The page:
A neuro assessment may give you feedback about possible anxiety, ADHD, depression, or sleep disorders
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$103.50 for a comprehensive diagnostic neuro assessment with no scheduling restrictions ($250 value)
$51 for a comprehensive diagnostic neuro assessment valid before 4 p.m. Monday - Friday ($250 value)
- Electroencephalogram (EEG)
- Heart-rate variability (HRV)
- Behavioral checklist
- Integrated visual and auditory continuous performance test (IVA)
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Neurofeedback: Flexing Your Beta Waves
Learn just how your session can leave you feeling more relaxed and alert with Groupon’s introduction to neurofeedback.
Anyone who’s ever struggled to maintain accuracy on a repetitive task or calm down before a big presentation knows: sometimes it feels like your brain has a mind of its own. Neurofeedback therapy aims to help people better control their thought patterns in order to stay calm and focused, and potentially even assuage conditions such as migraines and depression.
During a neurofeedback session, you’ll sit facing a computer screen with electrodes attached to your scalp with conductive gel. This will feel familiar if you’ve ever had an EEG for medical reasons; in fact, a course of neurofeedback therapy typically starts with a baseline EEG reading to build a basic map of your brain’s regular activity. The electrodes then feed information to software that monitors brain waves. These waves are generated by the brain’s nonstop flurry of electrical activity, produced as neurons communicating with one another, and their frequencies vary depending on the brain’s state: awake or asleep, concentrating or staring absent-mindedly at a mole on someone’s nose. Therefore, neurofeedback clinicians can program their machines to reward a particular wave frequency—say, the high-frequency beta waves associated with alertness for ADHD patients, or the lower-frequency alpha and theta waves produced in relaxed states for someone seeking to overcome anxiety.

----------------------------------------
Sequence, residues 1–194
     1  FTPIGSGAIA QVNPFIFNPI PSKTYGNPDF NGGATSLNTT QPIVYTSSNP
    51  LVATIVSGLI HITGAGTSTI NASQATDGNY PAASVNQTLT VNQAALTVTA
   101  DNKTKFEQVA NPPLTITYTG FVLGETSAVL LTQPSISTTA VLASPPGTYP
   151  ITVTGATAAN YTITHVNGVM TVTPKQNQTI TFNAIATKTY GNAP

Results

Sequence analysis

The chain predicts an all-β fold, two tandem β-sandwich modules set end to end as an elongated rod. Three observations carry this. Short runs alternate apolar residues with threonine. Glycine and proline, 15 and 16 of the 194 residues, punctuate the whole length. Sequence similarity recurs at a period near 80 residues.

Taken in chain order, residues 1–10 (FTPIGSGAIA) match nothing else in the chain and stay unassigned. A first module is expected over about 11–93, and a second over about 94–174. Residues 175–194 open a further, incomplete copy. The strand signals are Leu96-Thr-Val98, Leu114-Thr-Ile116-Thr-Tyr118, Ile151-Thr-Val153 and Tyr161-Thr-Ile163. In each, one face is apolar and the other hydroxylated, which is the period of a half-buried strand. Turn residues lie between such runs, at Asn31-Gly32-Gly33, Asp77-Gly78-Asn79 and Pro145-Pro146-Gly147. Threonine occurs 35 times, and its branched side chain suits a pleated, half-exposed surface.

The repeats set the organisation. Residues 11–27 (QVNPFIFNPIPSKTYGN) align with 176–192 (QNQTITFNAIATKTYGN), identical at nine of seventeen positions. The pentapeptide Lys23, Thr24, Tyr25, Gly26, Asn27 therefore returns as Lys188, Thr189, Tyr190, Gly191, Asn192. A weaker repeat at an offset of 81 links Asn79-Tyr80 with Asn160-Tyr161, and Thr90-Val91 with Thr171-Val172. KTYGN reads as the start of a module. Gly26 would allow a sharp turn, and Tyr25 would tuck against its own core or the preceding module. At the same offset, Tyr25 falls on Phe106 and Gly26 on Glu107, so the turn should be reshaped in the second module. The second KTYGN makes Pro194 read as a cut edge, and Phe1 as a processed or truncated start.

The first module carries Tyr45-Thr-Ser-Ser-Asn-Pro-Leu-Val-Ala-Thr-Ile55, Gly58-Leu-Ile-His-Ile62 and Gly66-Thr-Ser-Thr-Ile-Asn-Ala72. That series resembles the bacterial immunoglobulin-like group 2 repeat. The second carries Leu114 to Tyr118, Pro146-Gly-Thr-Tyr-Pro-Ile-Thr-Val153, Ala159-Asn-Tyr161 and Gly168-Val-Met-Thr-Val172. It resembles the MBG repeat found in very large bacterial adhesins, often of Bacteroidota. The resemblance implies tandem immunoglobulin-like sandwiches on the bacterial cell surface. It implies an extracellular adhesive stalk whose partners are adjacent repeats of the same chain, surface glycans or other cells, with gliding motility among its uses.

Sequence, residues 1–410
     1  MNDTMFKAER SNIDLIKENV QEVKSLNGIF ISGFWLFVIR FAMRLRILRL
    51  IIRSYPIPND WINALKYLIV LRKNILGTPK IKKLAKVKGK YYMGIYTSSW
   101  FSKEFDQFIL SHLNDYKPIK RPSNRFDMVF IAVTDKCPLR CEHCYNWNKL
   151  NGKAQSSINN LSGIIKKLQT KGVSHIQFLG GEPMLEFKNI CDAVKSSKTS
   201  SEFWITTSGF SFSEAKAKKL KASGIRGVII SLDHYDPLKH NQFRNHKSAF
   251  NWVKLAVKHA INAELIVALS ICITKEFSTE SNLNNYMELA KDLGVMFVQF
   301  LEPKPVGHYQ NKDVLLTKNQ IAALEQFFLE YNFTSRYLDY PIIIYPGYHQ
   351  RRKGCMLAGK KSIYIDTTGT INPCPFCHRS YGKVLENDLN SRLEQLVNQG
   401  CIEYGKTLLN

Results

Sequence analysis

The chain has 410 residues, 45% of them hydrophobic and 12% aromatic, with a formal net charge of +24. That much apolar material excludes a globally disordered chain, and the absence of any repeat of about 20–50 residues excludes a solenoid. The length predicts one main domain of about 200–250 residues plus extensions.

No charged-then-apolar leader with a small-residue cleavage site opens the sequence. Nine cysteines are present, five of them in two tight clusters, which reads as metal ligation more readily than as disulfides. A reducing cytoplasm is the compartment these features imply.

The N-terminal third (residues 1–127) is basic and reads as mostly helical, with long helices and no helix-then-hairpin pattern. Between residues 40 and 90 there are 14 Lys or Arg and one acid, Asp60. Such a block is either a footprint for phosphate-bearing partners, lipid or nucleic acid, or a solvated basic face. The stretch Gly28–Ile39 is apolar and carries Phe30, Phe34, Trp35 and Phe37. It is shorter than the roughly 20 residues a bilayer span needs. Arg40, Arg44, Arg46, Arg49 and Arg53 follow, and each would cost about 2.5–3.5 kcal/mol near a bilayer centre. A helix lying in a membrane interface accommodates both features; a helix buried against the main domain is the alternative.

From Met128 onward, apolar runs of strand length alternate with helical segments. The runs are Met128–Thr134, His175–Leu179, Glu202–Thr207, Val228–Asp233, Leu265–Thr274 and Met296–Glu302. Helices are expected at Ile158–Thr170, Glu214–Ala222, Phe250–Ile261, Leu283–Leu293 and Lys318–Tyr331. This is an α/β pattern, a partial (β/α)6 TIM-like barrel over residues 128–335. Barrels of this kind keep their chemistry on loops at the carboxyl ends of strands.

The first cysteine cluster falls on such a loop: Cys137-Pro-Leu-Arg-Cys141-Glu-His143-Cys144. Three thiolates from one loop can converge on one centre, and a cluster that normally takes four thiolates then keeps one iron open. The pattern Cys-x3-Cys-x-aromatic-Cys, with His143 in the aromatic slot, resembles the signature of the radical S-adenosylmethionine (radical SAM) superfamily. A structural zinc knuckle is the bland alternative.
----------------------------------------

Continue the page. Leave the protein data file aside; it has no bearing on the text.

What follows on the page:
When the electrodes sense that your brain is in the desired state, you’ll get a pleasant audio or visual treat from the computer, perhaps some pretty music or a beautiful field of flowers. If your brain activity veers off course, these incentives will go away. (In one popular program, the flowers begin to wilt and die when your attention wanders.) In this way, neurofeedback is much like guided meditation, minus any worries about whether you’re doing it right or whether “pineapple upside-down cake” is an appropriate mantra. As the sessions continue, your brain should start finding it easier to slip into the desired state whenever it needs to.